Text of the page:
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Railroad: Brakes Failed, Sabotage Suspected in Wreck of Runaway Train

February 16, 1996

ST. PAUL, Minn. (AP) _ Standing in a parked locomotive, Gary LaValley had about two seconds to notice a runaway freight train barreling close to 50 mph down a parallel track.

``My first thought was trying to get out the front door,″ said LaValley, an employee of the Canadian Pacific Railroad. ``Of course, in two seconds you’ve only got a couple of steps. I think I even said out loud: `So this is what it’s like to die.′ ″

LaValley braced himself as the train operated by Burlington Northern Santa Fe slammed into two locomotives on the track beside him and then into a rail yard building late Wednesday.

Sabotage was suspected, an official at Burlington Northern said Thursday, but refused to disclose what evidence was found.

``There appears to have been some tampering with the train. As a result we have called in the FBI,″ said Dick Russack, a spokesman for Burlington Northern in Illinois.

The train had passed an inspection at the Northtown yard.

``The one thing we know is that the brakes did not have the air pressure they needed. Now, why? We don’t know,″ said John Bergene, a Canadian Pacific spokesman. Braking power comes from air pressure carried in hoses from the locomotives to the rail cars.

The crash hurled steel wreckage just short of an employee lunchroom, injured nine men, and disgorged much of the train’s cargo of lumber, grain and other products. Forty-four cars and six locomotives were twisted in a quarter mile of destruction.

LaValley escaped injury.

Burlington Northern Santa Fe offered a $10,000 reward for any information leading to an arrest and conviction.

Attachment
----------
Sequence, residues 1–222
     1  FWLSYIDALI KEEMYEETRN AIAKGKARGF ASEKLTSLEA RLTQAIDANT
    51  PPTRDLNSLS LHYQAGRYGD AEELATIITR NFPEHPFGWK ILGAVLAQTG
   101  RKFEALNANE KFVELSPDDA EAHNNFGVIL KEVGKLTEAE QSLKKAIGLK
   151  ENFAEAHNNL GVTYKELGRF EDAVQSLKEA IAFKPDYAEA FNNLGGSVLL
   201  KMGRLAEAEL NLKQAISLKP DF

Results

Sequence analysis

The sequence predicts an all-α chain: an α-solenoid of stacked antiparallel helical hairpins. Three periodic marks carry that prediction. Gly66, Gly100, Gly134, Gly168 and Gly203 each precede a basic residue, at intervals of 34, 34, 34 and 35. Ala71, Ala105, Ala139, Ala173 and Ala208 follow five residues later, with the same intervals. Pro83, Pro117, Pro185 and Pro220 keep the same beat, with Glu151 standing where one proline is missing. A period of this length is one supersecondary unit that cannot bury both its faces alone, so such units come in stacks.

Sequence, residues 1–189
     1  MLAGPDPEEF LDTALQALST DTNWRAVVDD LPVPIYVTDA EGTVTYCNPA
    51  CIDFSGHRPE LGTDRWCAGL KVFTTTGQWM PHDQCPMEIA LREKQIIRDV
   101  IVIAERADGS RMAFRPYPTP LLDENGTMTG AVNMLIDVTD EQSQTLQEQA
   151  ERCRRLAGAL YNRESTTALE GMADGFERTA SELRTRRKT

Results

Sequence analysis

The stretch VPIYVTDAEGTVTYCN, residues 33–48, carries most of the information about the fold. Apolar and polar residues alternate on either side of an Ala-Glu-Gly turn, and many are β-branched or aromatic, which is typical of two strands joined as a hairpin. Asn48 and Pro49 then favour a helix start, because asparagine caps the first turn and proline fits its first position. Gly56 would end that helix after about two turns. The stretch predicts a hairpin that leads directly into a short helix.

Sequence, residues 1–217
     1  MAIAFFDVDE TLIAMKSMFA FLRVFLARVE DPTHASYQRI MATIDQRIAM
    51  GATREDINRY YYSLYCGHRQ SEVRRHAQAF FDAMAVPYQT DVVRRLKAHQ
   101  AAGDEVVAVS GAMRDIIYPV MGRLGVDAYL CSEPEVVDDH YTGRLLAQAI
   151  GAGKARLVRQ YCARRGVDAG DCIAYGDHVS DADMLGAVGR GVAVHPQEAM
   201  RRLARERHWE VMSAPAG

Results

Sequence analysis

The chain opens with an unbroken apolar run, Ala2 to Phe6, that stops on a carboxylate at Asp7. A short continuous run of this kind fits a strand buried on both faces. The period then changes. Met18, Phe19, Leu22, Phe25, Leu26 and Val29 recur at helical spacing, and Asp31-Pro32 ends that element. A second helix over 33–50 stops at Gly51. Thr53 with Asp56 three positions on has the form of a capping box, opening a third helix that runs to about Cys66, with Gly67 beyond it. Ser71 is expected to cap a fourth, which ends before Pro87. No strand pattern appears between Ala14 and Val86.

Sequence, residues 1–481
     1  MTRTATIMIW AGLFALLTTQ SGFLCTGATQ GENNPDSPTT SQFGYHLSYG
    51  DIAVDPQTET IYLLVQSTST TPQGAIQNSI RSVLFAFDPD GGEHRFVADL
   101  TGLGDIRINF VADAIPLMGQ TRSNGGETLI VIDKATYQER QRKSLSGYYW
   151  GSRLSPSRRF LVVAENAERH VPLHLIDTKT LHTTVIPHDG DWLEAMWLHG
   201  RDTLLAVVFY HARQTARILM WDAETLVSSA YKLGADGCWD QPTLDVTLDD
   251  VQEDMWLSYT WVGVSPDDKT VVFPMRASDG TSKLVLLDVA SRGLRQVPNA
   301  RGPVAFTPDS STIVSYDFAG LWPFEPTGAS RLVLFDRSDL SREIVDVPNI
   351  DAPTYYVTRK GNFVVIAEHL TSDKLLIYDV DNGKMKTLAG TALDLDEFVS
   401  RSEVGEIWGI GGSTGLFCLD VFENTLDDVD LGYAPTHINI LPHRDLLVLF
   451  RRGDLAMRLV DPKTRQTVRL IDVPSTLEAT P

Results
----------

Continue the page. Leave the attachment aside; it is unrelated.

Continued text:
But the FBI said it had not determined whether sabotage occurred.

``We are still in the preliminary stages,″ Special Agent Fred Tremter said.

Rail worker Warren Lear, speaking from his hospital bed, said he and his colleagues were discussing a college basketball game when they heard about a runaway train on a radio. Then came the rumble like ``a huge thunder.″

Lear’s foot got pinned between a knocked-down wall and the floor. It took about an hour for rescuers to free him, but he lost his big toe and part of another toe.

None of the other injuries, mostly broken bones and sprains, was believed to be life-threatening. Six men were treated and released.

Last October, one person was killed and 78 injured in the sabotage of Amtrak’s Sunset Limited in the desert near Hyder, Ariz., about 55 miles southwest of Phoenix.

Federal authorities said a saboteur removed a metal bar holding rail sections together, pulled 29 spikes from a stretch of Southern Pacific-owned rail and rewired a safety mechanism that would have warned the crew of a broken track. There have been no arrests.

On Sunday, the Los Angeles Times reported that investigators were studying whether a Feb. 1 Burlington Northern Santa Fe wreck in southern California, which killed two people, also could have been caused by sabotage.

But Phil Olekszyk, a safety administrator with the Federal Rail Administration, said Thursday that other explanations haven’t been ruled out for the the problem discovered in the wreckage _ two brake valves in the wrong position.

An FBI investigator was sent to examine the Southern California wreckage but indications were that sabotage did not appear to be involved, an FBI official said, speaking on condition of anonymity.

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